I was impressed by the number of tutorials and use cases available on the site. These are great starting points for anyone new to the API and are a good example of how clear navigation and targeted documentation can make a complex interface feel simpler. In addition to the tutorials, there are a small set of code samples, SDKs, an API test tool and a usage reporting tool that tracks metrics for the Trading API.

You won’t confuse the eBay API documentation with the slick, bootstrap-like dynamic navigation sites that modern API vendors are providing. In fact, some of the eBay documentation portals will fill you with nostalgia as you view pages that look to have travelled forward in time from the late 90s.

But putting style aside, the writing is straightforward and the important documents like quick start guides, tutorials and references are easy to find.

If you are building a SOAP or XML based client, your needs will be well served by the documentation.  There are easy to find WSDLs and XML schema files for every service, and the reference documentation is structured well. At times the flow of documentation can be frustrating and the lack of consistency in style is off-putting, but if you work hard enough, the information you need is there for you to find.

Surprisingly, almost all of the guides, references and collateral are targeted towards web and server based development rather than mobile developers. I could find very little information pertaining to iOS or Android let alone less popular mobile platforms. Given that mobile is such a huge driver of API growth, the lack of mobile-centric documentation is a problem.

Terms of Service

The conditions for signing up as an eBay developer are fairly clear and laid out in the API License Agreement.  I’m not a lawyer, but my reading of the agreement didn’t present any red flags as most of the terms seemed fairly reasonable for an API provider protecting its own interests.

The rate limit for API requests varies depending on the product you choose to use, but the majority of the eBay APIs will limit you to a rate of 5,000 requests per day. Higher volume applications can request a larger limit provided they pass an eBay compatibility certification program, at which point they may request up to 1.5 million requests on the most popular APIs.

Community and Support

One of the really nice things about using the eBay API is having access to their sandbox environment. The sandbox is a simulated eBay site that allows you to test your client application against realistic data without impacting the state of the production version. Testing bid submission and auction management functions would be extremely difficult without this simulation engine, so it is a wonderful feature to have access to.

In general, the developer ecosystem for eBay is good. It isn’t difficult to find code examples on the web, and Stack Overflow has a healthy and active eBay API section. Within eBay’s own x.commerce developer site, a community forum is available and used quite heavily. There are also plenty of examples and sample applications to learn from both in their portal and on the web.
Although there were exceptions, the eBay developer community is primarily peer-to-peer based.

This might be a case of eBay becoming a victim of its own success and being unable to scale their support team to meet demand.  The more skeptical might point out that eBay actually charges developers for API support and may not be motivated to provide assistance for free. Either way, the absence of eBay within their online community was noticeable.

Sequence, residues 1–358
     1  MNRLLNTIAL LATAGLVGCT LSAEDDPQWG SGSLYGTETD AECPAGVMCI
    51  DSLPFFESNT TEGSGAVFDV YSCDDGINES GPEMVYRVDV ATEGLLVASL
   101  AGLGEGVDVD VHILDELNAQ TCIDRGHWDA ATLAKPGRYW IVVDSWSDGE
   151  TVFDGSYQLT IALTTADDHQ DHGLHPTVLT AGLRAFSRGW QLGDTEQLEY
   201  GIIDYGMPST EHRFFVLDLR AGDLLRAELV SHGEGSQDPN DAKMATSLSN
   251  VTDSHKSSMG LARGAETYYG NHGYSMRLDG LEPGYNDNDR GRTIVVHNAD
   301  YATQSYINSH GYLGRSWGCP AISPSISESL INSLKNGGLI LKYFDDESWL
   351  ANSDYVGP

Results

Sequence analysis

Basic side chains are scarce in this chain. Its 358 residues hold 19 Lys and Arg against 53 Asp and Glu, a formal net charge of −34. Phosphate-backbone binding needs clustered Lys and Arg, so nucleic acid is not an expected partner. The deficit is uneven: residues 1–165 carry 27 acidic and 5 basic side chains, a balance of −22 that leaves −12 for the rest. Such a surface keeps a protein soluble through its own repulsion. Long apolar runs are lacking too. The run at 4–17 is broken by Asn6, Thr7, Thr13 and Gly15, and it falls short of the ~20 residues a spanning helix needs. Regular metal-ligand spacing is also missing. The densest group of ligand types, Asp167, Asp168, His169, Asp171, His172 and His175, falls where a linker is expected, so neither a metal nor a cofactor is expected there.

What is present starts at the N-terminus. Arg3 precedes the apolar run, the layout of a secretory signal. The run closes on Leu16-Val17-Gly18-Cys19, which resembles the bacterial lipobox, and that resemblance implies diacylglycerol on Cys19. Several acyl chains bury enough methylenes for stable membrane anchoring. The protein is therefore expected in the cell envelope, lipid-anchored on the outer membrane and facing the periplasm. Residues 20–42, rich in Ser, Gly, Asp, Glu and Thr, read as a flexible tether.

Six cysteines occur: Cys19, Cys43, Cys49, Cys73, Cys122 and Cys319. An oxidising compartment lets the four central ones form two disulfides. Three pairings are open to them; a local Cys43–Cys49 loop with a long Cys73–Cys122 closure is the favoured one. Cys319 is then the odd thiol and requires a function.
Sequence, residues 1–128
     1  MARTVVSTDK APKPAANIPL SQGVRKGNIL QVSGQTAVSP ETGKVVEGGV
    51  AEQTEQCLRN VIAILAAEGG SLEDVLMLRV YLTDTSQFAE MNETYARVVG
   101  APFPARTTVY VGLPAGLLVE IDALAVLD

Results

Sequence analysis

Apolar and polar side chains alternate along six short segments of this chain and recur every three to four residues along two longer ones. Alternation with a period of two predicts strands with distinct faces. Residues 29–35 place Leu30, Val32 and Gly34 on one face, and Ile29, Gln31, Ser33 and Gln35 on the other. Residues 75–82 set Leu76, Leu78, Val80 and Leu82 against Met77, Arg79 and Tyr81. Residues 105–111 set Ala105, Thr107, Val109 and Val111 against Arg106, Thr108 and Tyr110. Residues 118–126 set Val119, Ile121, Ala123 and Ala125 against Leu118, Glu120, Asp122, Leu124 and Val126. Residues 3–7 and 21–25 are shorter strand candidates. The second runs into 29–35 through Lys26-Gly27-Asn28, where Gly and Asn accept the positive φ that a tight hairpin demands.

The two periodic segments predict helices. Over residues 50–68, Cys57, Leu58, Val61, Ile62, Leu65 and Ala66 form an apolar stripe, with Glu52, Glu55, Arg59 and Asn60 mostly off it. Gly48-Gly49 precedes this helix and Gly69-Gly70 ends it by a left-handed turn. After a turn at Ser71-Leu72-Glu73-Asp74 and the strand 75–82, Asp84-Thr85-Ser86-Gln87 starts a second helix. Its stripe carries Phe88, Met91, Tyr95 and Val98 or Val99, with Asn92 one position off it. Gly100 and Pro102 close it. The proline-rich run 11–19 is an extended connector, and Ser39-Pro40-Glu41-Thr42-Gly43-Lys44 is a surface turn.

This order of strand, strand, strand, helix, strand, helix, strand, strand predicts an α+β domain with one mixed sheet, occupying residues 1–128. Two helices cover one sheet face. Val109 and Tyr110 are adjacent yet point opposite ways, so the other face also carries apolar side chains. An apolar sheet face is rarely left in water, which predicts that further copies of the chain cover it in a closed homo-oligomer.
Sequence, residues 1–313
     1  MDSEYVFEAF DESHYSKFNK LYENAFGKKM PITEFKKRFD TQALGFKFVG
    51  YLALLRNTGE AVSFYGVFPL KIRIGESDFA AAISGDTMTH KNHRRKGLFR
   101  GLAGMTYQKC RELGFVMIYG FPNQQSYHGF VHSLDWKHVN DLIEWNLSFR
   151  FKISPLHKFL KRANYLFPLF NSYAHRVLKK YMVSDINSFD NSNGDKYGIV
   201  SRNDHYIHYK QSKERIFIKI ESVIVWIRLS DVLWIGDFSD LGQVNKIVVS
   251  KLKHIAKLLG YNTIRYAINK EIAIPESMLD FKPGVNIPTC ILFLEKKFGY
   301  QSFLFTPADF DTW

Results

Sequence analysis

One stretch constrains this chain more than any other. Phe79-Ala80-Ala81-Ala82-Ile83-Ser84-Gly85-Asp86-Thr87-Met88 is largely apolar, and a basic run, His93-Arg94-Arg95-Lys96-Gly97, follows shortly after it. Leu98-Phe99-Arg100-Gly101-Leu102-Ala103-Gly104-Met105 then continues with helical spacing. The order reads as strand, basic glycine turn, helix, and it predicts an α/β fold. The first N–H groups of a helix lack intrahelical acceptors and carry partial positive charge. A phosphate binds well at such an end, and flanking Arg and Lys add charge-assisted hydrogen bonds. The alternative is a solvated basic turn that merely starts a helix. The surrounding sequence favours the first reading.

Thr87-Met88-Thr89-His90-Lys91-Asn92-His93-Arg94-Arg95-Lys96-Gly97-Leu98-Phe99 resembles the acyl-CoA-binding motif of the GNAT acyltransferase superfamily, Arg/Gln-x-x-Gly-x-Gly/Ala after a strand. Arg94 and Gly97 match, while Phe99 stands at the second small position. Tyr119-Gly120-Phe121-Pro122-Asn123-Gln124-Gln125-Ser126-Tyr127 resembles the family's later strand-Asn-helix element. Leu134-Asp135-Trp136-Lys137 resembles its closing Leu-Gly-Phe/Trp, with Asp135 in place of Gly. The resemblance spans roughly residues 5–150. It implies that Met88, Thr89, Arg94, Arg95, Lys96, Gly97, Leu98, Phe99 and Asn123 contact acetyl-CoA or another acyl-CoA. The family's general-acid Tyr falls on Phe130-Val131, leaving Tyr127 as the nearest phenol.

Security

Protocols Supported: SSL, custom authorization flow

The eBay interfaces are protected by a set of keys that are generated by developers after they register. This secret key style of access control has become standard practice in the API world, and works well provided that client applications can maintain the privacy of their credentials.

For more sensitive interactions – such as the APIs that allow applications to act on behalf of eBay users – a delegated authorization protocol is used. This scheme predates the OAuth 1 and OAuth 2 specifications, but the basic flow should be familiar to developers who understand OAuth.

Pricing and Cost

Pricing Mechanism: N/A (free for public use)

In the early 2000s, developers needed to pay a membership fee for the privilege of joining the eBay developer program.  But 2005 marked a major milestone in web API history as eBay moved to a free model, opening up their API for all to use and acknowledging that the industry was entering the era of developer kings.

While usage of their API is open and free, eBay does charge a premium for technical support. It’s not unheard of for an organization to charge support costs for free products, but it is rare to see it in the web API space. More worryingly, developers must go through this same paid support route when reporting bugs and only receive refunds if eBay concurs that there is a fault in the API.

Paid Support Pricing

While I suspect these charges are in place simply to recoup operating costs rather than for any devious profit motivation, they send a negative message to the developer community. Great developer-publisher relationships should feel like partnerships in which both parties benefit from their association. This sends the opposite message.

Summary

Taking a step back, it’s clear that the eBay API is a great success story. There are a massive number of applications using the eBay API and the developer ecosystem continues to thrive. It is clear that eBay’s users have benefitted greatly from the company’s API strategy, given the quantity and quality of third party tools available and the diverse set of platforms through which they can access the site.

eBay’s API products have grown and changed over the years, but for my tastes some of them are starting to feel dated and don’t compare well against the cleaner, simpler interfaces that developers are exposed to now. I don’t believe I’m alone in this view, as it isn’t terribly difficult to find outbursts of frustration with the Trading API from within the developer community.

New API publishers can learn from the example of eBay and take away the lesson that API design is a constant effort, not a one-time exercise. The mark of a great API isn’t simply one that exists for a long time; instead it is one that evolves to meet the changing interaction demands of its audience.

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One Response to “An In-Depth Tour of the eBay API”

March 30th, 2013
at 11:16 am
Comment by: API Spotlight: Planets Nu, Advice Slip, and Postmaster APIs

[...] APIs that are split to cater to sellers or buyers. To learn more about the eBay API visit the In-Depth eBay API blog post as well as the eBay [...]